A judge has decided that a college football player convicted of rape as a teen in a highly publicized Ohio case will be temporarily reinstated to his team.

The decision came after the player, Ma'lik Richmond, had filed suit against Youngstown State University (YSU) in federal court.

U.S. District Judge Benita Pearson granted Richmond, of Steubenville, Ohio, a temporary restraining order against the university in a hearing Thursday. The move allows Richmond to play football for the next 14 days.

The judge has scheduled a preliminary hearing for an injunction on Sept. 28.

YSU officials released a statement earlier this year saying Richmond could practice with the team but was forbidden to take part in games, after a petition circulating around campus demanded he be removed from the team, the Vindicator newspaper of Youngstown reported.

The petition surfaced after a newspaper reported that Richmond was one of two players found delinquent in a 2012 Steubenville High School case. His connection to that case prompted YSU to announce he would not play this fall.

Richmond served about 10 months in a juvenile prison after he and a Steubenville High School teammate were convicted in 2013 of raping a 16-year-old girl during an alcohol-fueled party. The case drew international attention and led to allegations of a cover-up to protect Steubenville's storied football team.

Richmond was released in January 2014. He attended colleges in West Virginia and Pennsylvania before transferring to Youngstown State in the fall of 2016 as a sophomore.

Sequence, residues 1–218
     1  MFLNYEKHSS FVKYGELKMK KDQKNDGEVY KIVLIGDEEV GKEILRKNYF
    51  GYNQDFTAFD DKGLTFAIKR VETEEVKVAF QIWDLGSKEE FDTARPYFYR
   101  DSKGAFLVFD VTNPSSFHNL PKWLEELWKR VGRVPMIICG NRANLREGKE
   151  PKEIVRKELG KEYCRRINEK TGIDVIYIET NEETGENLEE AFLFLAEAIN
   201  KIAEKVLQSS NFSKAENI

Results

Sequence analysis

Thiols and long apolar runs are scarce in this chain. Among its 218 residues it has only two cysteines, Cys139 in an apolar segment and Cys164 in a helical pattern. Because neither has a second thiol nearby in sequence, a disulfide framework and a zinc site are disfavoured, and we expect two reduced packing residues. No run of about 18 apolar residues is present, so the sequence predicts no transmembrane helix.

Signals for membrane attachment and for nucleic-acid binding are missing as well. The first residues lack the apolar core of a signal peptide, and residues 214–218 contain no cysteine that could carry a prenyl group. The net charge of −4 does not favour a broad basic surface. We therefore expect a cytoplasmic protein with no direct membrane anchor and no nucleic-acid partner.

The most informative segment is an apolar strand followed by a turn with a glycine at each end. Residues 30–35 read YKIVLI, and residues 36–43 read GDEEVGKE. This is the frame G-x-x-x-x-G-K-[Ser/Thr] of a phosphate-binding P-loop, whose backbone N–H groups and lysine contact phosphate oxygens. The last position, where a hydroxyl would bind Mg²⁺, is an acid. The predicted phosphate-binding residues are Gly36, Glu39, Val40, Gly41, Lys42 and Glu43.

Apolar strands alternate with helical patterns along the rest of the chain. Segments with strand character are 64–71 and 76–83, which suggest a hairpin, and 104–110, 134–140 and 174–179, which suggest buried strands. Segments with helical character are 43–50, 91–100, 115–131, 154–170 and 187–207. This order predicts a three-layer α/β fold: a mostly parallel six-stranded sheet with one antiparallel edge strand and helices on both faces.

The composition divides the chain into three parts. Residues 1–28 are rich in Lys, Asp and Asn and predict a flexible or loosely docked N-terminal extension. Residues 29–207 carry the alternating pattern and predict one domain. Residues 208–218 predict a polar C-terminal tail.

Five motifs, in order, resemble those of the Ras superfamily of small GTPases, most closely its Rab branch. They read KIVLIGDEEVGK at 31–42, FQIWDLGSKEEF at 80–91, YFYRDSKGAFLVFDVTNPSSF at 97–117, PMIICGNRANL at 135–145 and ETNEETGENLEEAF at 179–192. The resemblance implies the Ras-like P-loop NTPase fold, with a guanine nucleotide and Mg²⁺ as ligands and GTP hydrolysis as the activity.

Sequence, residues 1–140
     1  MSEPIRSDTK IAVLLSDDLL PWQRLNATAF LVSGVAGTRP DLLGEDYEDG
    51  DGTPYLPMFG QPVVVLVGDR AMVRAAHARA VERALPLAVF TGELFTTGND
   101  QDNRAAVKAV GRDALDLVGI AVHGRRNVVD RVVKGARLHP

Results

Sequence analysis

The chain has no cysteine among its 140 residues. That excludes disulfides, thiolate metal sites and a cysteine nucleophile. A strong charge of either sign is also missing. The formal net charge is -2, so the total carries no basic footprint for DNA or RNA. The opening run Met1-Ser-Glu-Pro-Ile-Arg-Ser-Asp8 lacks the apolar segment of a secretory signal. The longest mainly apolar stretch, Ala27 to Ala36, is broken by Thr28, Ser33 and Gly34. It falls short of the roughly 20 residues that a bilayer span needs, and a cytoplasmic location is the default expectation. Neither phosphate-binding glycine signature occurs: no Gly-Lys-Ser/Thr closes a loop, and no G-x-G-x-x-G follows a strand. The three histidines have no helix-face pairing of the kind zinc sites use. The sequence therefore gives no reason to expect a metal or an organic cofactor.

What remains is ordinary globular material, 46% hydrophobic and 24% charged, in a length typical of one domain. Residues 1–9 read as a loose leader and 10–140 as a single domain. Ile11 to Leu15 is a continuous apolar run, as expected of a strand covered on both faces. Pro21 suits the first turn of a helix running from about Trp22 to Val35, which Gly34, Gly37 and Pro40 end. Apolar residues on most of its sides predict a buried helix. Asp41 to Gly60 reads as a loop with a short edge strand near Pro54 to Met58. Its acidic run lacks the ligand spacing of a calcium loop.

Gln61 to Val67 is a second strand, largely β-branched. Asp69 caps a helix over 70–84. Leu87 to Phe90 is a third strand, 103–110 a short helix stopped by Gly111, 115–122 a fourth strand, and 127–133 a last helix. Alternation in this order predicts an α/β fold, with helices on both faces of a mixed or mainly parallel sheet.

Richmond filed a federal lawsuit against the university Wednesday after the school allowed him to join the football team as a walk-on and then told him he couldn't play this season. He was seeking reinstatement to the team's active roster and granted as such by the court. The player is also seeking attorney fees and an unspecified amount of damages.

According to the lawsuit, Richmond excelled during Youngstown State's spring game and YSU football coach Bo Pelini told him would play during the current season.

Pelini told the Youngstown Vindicator that he decided to allow Richmond to join the team after conducting his own investigation. The day after the Aug. 4 article, a female student at Youngstown State began circulating the petition.

Ma'lik Richmond, center, stands with his father, Nathaniel Richmond, left, and attorney Walter Madison in Steubenville, Ohio, March 17, 2013.

Ma'lik Richmond, center, stands with his father, Nathaniel Richmond, left, and attorney Walter Madison in Steubenville, Ohio, March 17, 2013. (Associated Press)

The lawsuit said that Pelini called Greg Agresta, one of Richmond's guardians, on Aug. 9 and said there was pressure exerted on the university's board of trustees. Pelini told Agresta that Tressel proposed that Richmond become a practice player and wait until next season to play.

Youngstown State subsequently issued a statement in a university-wide email saying the school takes sexual assault very seriously, and that Richmond would be allowed to continue practicing with the team but would lose a year of eligibility.

Richmond quit the team after learning of the email.

One of Richmond's attorneys, Susan Stone, said in the lawsuit that the university had become infected with an anti-male bias due to Richmond's rape conviction and argued Thursday that the university was contractually obliged to allow Richmond to play so long as he followed university rules. YSU attorneys countered, saying the university didn't violate any contractual obligations to Richmond because he didn't take advantage of a school grievance procedure before filing suit.

The courtroom battle comes amid a national debate over sexual assault on campuses.

Also on Thursday, Education Secretary Betsy DeVos vowed in a television interview to replace a “failed system” used to combat sexual assault on school grounds.

“Instead of working with schools … ,” DeVos said according to the Washington Post, “the prior administration weaponized the Office for Civil Rights.”

“We must do better because the current approach isn’t working.”

The Associated Press contributed reporting to this story.